The rand followed the same trend and traded near the best levels against the dollar since February 2015 as foreign direct investment boosted the currency, although it has since weakened.
Net foreign purchases of South African bonds and equities totaled more than R34 billion since the beginning of the year.
That compares to net foreign sales of more than R19bn in total for 2017.
After a bumper performance in the fourth quarter last year, our equity market in terms of dollars performed in line with global equity markets in the first quarter of this year.
The strongest headwind facing the South African and global economy are the developments in the crude oil market.
The oil price, as measured by Brent crude, has jumped to $75 (R9442.35) from a low of $63 per barrel in February, and is 44% higher than a year ago.
Opec and non-Opec members met a few days ago and are of the opinion that the global economy can afford higher oil prices and are pushing for $80 per barrel.
The jump in oil prices will undoubtedly lead to higher inflation and inflation expectations. Long-term interest rates reflect inflation expectations, as it is an indication of to what levels central banks will hike lending rates as part of their monetary policies, given the stage of the economic cycles of the respective countries and economic zones.
The US economy already finds itself at an advanced stage in the economic cycle and the Federal Reserve’s policy stance is already no longer accommodative. Should the oil price stay at the current levels or move higher, it is likely inflation will overshoot the inflation targets set by the Fed.
What it means is that the yield on longer- term bonds such as the US 10-year government bonds will move higher, as the Fed will need to hike rates higher than originally anticipated - yes, for the “investocrats” - the entire yield curve will shift higher.
Apart from higher lending rates hurting the US consumer, the higher oil price is likely to act as a tax on the consumer.
The impact of the surge in the oil price on the South African economy and domestic financial markets is significant.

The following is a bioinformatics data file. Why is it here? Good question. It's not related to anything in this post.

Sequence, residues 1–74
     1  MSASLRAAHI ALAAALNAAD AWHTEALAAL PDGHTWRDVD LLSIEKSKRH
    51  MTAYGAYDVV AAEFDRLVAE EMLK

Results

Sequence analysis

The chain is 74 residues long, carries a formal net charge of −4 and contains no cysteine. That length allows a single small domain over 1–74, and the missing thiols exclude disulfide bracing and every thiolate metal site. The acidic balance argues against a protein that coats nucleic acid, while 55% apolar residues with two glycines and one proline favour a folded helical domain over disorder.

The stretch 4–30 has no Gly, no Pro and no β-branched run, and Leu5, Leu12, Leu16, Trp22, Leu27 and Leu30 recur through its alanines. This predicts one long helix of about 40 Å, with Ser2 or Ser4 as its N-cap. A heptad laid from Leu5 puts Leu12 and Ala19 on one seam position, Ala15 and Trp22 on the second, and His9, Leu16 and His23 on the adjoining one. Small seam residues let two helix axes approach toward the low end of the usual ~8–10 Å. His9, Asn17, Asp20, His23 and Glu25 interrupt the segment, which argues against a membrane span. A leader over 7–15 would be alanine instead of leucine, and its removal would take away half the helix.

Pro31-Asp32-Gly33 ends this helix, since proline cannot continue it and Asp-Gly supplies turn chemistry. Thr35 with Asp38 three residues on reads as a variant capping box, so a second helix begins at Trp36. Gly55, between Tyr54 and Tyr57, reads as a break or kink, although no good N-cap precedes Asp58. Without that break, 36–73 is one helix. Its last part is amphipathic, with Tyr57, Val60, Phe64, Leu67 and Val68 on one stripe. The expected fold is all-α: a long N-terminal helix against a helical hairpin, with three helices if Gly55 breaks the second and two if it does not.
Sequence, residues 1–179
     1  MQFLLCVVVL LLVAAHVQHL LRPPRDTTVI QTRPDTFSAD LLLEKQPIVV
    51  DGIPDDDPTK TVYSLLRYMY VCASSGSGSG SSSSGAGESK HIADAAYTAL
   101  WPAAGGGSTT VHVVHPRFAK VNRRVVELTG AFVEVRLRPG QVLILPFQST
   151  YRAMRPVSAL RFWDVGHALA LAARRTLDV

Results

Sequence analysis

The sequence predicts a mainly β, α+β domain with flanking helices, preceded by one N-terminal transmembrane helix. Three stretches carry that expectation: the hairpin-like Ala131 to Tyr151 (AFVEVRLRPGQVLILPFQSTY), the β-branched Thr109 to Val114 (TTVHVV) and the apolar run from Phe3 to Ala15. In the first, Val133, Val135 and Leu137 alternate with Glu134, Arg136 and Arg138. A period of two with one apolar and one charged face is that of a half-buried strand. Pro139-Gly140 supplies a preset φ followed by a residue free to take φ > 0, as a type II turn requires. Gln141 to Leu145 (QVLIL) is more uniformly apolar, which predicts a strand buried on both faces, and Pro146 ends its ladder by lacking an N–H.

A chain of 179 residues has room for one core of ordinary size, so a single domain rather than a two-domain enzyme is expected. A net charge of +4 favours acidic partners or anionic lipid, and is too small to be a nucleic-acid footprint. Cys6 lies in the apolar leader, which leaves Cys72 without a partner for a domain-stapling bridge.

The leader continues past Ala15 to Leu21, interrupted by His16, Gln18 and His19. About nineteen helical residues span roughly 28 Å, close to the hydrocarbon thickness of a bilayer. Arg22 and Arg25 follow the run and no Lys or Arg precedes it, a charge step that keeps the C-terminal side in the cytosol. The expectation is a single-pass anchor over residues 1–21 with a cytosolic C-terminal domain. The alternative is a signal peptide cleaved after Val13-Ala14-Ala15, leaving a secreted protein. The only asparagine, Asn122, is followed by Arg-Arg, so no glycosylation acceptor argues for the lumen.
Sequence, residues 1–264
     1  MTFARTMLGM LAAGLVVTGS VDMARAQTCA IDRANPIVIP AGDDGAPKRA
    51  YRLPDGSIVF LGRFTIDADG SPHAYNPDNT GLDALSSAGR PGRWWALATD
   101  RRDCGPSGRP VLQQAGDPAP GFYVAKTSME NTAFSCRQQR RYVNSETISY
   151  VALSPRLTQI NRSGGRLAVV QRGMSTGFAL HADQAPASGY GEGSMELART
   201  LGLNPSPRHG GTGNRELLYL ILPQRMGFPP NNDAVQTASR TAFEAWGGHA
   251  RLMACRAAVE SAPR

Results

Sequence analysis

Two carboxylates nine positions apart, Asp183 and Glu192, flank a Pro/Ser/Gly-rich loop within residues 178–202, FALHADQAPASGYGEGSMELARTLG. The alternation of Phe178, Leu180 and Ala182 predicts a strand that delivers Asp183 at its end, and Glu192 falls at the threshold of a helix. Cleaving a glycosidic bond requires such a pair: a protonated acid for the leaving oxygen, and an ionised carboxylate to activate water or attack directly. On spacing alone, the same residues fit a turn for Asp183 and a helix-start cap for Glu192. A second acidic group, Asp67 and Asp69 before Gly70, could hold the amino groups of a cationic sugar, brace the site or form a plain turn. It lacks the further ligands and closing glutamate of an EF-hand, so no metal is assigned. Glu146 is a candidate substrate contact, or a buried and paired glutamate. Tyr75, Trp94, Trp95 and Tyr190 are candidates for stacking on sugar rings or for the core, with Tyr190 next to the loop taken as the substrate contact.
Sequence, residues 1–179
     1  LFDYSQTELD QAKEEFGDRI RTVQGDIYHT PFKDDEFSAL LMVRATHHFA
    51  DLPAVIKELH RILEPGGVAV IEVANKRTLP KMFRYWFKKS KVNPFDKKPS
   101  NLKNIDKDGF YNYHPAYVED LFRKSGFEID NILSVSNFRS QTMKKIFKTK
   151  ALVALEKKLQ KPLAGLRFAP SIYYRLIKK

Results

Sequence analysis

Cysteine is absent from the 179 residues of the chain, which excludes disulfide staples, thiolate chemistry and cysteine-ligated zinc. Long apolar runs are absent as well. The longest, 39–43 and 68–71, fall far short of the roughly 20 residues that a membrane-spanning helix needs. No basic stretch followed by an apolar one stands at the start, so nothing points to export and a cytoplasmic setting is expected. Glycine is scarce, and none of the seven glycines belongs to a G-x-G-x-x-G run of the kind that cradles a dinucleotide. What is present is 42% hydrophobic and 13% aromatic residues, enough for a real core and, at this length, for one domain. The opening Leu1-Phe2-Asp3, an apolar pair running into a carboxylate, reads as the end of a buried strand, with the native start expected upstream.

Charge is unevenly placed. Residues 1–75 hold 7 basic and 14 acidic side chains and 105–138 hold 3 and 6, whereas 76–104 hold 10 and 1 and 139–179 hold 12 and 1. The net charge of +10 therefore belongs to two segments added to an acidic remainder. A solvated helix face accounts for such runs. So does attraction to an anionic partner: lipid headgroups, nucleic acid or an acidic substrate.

Even if the yield spread between South African and US 10-year government bonds stays steady, the yield on South African long-term bonds are likely to increase on the back of higher US rates.
South African financial stocks, and especially banks, are likely to come under pressure due to their sensitivity to interest rates.
And the rand is likely to weaken further against the dollar, due to the prospect of a tighter monetary policy being brought forward by the Fed, while the tightening of South Africa’s monetary policy is unlikely.
The mix of a surge in the oil price and a weaker rand exchange rate to the dollar is lethal for the domestic economy. While business confidence in South Africa was on the up, the prospect of the acceleration of growth is limited.
The upward pressure in global inflation due to the surge in the oil price will probably cool global growth momentum further.
The price of oil in rand terms has already risen more than 23% since mid-February, and 57% since June.
The surge could result in the producer price inflation increasing from 4.2% year-on-year last month to more than 5% in the not too distant future.
Expect headline consumer price inflation to follow the same trend from 3.8% year-on-year last month to more than 5&.
Cash-strapped consumers are already battling with high fuel prices and further increases will worsen their financial positions.
The uncertainties about the public-sector wage talks and strikes by the unions could spill over to the private sector, especially if the state sets a precedent by giving in on the public-sector wage demands.
Business confidence has also been dealt new blows following the mayhem in North West, while the land reform issue has brought about much uncertainty.
Ryk de Klerk is an independent analyst.
The views expressed here are not necessarily those of Independent Media.
- BUSINESS REPORT